'Product Category'[Category] = "Audio" 
        )
    MEASURE Sales[TV and Video] =
        CALCULATE ( 
            [Sales Amount YTD], 
            'Product Category'[Category] = "TV and Video" 
        )
    MEASURE Sales[Computers] =
        CALCULATE ( 
            [Sales Amount YTD], 
            'Product Category'[Category] = "Computers" 
        )
    MEASURE Sales[Cell phones] =
        CALCULATE ( 
            [Sales Amount YTD], 
            'Product Category'[Category] = "Cell phones" 
        )
    MEASURE Sales[Test] =
        CALCULATE (
            [Sales Amount YTD],
            'Product Category'[Category] = "Audio"
                || 'Product Category'[Category] = "TV and Video"
                || 'Product Category'[Category] = "Computers"
                || 'Product Category'[Category] = "Cell phones"
        )
EVALUATE
ROW (
    "Test", AVERAGEX (
        Customer,
        CALCULATE ( 
            [Test], 
            LASTNONBLANK ( 'Date'[Date], [Sales Amount] ) 
        )
    )
)

The first gain is visible in the storage engine queries: one of those replaced four queries that we have seen in the previous test. The duration improvement at the storage engine level is less than 40%, but the reduced materialization produced by a single query reduced the pressure on the formula by more than 70%.

Measures parallelized

I have seen this pattern as a common practice in P&L models, where you have an Account table in the data source, and you need measures that only consider particular accounts. A typical example is something like this:

[Revenues] := [Sales] + [Royalties]

[Sales] := 
CALCULATE ( 
    SUM ( Movements[Amount] ), 
    Account[Level1] = "Sales" 
) 

[Royalties] := 
CALCULATE (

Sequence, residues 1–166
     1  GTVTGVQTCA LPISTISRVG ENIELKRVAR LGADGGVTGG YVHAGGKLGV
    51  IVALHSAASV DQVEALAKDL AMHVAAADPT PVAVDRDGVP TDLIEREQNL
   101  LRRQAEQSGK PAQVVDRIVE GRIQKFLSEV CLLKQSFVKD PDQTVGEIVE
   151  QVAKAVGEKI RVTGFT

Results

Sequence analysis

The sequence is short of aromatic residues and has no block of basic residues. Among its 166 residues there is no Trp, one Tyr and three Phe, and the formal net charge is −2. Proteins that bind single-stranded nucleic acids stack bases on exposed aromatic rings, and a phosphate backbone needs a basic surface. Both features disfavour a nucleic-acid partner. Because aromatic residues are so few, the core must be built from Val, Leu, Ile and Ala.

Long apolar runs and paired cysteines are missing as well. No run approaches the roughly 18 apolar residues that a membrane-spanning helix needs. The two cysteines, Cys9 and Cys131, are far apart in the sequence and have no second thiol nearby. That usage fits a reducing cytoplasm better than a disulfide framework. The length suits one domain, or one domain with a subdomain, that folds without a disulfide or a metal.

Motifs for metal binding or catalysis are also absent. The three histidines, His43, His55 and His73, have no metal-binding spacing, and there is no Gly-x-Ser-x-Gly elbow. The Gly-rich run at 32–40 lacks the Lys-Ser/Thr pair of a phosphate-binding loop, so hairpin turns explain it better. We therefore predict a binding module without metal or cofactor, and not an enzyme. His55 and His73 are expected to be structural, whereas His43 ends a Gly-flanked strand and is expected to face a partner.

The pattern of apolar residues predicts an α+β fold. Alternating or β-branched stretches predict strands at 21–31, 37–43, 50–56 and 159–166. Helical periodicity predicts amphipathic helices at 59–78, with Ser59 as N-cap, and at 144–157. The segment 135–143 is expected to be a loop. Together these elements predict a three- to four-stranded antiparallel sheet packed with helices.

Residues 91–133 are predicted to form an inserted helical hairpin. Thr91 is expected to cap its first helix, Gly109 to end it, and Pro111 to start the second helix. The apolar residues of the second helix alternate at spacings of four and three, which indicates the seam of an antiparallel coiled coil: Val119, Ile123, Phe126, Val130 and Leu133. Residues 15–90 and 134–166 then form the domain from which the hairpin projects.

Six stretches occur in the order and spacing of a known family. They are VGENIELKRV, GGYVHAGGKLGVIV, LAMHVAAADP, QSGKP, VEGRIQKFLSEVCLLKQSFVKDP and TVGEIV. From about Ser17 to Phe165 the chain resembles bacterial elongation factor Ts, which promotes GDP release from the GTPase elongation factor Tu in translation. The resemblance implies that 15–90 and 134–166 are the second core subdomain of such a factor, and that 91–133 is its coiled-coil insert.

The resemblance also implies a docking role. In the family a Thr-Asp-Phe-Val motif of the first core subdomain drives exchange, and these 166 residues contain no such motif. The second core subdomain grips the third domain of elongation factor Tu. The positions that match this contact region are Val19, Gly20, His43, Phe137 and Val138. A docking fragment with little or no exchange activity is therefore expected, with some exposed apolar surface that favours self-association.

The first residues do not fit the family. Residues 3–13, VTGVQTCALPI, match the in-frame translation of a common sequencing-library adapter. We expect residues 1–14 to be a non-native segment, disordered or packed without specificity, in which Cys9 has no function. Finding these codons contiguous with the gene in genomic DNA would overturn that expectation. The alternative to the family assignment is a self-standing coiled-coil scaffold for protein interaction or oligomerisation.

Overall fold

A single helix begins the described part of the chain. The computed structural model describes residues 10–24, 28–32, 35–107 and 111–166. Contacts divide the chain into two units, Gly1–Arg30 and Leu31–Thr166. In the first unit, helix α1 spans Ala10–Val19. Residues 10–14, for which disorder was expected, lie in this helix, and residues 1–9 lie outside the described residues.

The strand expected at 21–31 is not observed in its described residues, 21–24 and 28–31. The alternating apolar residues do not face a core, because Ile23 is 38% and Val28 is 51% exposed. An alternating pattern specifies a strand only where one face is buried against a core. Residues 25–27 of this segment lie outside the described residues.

SUM ( Movements[Amount] ), 
    Account[Level1] = "Royalties" 
)

The sum of different accounts should be obtained through a single SUM that aggregates all the accounts that can share the same sign. If you have to subtract accounts, you should consolidate all the accounts with the same sign in a single measure, and then apply the difference between these measures. For example, instead of doing this:

[ComplexAccount] := [A1] + [A2] - [B1] - [B2]

You should write:

[A] := [A1] + [A2]
[B] := [B1] + [B2]
[ComplexAccount] := [A] - [B]

And then optimize [A] and [B] using a single CALCULATE statement that filters all the accounts you want to sum in that intermediate calculation.

One final warning: this optimization might become unnecessary in the future in case the DAX engine will improve the query plan generated in this case. Thus, you should always verify that the optimization actually provides a performance advantage for your model, and this optimization should be reconsidered when you upgrade the version of the DAX engine you use (Power Pivot, Power BI, or SSAS Tabular).

You can download the demo files (queries that you can run with DAX Studio over a Contoso database) from the link below. You can also download the Contoso.pbix file (~400MB) from The Definitive Guide to DAX – Companion content.

Download

Download Demo (ZIP)